British banks set for sell-offs

State-rescued RBS and Lloyds to get $49bn injection as branches are sold and bonuses cut.

    Britain's treasury department said the banking shake-up would reduce costs to the taxpayer [AFP]

    The treasury department said the two banks would between them have to sell off businesses equating to 10 per cent of the UK retail banking market, and had agreed to curb bonus payments.

    RBS, which is 70 per cent owned by the government, said in a statement that it would sell its RBS branches in England and Wales, and NatWest branches in Scotland, as well as its Churchill and Direct Line insurance division and parts of its investment banking arm.

    "I believe today marks a key milestone in the radical restructuring we are undertaking to bring RBS back to stand-alone strength,'' Stephen Hester, the RBS chief executive, said.

    Lloyds issue

    Lloyds Banking Group said it would dispose of its TSB brand, Scottish TSB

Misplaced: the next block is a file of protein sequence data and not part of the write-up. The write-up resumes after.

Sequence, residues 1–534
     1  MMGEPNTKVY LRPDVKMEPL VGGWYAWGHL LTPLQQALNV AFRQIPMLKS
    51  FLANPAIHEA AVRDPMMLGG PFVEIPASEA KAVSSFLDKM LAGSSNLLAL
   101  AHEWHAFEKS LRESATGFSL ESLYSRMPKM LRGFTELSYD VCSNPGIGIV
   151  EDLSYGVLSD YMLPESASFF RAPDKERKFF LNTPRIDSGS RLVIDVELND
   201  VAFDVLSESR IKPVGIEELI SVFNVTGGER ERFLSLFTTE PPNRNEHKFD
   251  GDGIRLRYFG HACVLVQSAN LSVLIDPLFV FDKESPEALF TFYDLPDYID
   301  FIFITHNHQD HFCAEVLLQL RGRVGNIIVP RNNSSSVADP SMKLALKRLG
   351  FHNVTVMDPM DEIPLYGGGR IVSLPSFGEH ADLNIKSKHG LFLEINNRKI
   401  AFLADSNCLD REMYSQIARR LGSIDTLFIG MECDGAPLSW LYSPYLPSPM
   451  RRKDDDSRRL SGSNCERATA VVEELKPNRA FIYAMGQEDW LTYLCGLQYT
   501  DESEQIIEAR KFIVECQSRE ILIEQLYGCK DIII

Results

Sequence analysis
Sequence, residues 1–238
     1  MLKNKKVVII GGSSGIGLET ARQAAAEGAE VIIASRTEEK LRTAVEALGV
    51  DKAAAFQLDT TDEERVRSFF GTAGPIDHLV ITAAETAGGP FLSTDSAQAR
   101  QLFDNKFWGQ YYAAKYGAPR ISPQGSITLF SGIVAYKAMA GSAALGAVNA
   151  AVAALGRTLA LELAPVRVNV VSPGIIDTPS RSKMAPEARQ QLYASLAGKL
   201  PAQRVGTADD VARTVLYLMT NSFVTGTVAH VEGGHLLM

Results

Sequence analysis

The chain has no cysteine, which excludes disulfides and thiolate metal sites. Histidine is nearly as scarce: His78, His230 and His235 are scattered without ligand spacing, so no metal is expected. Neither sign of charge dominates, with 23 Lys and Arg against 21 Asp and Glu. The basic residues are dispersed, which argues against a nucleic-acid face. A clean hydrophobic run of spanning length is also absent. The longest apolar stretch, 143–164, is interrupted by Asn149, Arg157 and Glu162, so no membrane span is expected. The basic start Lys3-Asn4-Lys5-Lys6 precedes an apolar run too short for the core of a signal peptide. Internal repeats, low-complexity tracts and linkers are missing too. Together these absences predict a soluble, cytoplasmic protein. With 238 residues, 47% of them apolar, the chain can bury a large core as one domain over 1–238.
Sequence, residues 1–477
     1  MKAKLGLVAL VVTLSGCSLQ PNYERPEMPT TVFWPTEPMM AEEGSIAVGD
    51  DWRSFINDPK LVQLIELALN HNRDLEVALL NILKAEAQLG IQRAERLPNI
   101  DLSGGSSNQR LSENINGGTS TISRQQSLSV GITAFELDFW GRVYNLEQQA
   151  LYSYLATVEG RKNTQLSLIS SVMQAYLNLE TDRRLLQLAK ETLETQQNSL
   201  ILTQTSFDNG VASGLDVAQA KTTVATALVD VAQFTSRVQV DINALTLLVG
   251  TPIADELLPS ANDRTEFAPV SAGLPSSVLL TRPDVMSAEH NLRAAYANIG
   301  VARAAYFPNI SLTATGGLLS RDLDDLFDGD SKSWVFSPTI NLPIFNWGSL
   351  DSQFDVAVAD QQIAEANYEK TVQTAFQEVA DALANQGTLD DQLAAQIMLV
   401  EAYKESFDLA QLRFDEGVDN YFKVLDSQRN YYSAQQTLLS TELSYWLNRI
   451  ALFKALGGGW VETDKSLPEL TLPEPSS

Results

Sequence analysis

branches and some other TSB branches in England and Wales.

    "UK consumers will in theory enjoy increased choice and lower pricing, while rivals such as HSBC will be glad to see their rivals paying for their mistakes"

    Keith Bowman,
    economic analyst

    It will also sell the branches, savings accounts and branch-based mortgages of its Cheltenham & Gloucester unit.

    Lloyds said it would raise $34.3bn through a record issue and debt swap, and pay a $4.1bn fee for avoiding the government's Asset Protection Scheme (APS), designed to insure its riskier loans.

    "Lloyds will not participate in the APS and instead will raise additional private sector capital and pay a fee to the taxpayer for the implicit protection provided to date," the treasury said.

    "This will reduce the risk borne by the taxpayer, improving value for money."

    The government said it would maintain its 43 per cent stake in Lloyds.

    "The news is potentially good for both UK consumers and rival banking groups, although more debatable for both Lloyds and RBS shareholders," Keith Bowman, an analyst at Hargreaves Lansdown Stockbrokers, said.

    "UK consumers will in theory enjoy increased choice and lower pricing, while rivals such as HSBC will be glad to see their rivals paying for their mistakes."

    The treasury department said it had reached agreement "in principle" with Neelie Kroes, the EU competition commissioner, over the restructuring.

    SOURCE: Agencies


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